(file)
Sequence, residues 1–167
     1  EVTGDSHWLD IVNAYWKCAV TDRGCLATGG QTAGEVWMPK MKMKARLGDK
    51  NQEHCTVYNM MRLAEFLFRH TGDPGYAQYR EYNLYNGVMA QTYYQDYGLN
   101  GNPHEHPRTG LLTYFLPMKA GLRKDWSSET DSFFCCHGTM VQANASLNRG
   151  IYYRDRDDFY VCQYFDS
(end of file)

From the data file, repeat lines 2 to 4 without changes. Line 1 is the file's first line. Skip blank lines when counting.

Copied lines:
     1  EVTGDSHWLD IVNAYWKCAV TDRGCLATGG QTAGEVWMPK MKMKARLGDK
    51  NQEHCTVYNM MRLAEFLFRH TGDPGYAQYR EYNLYNGVMA QTYYQDYGLN
   101  GNPHEHPRTG LLTYFLPMKA GLRKDWSSET DSFFCCHGTM VQANASLNRG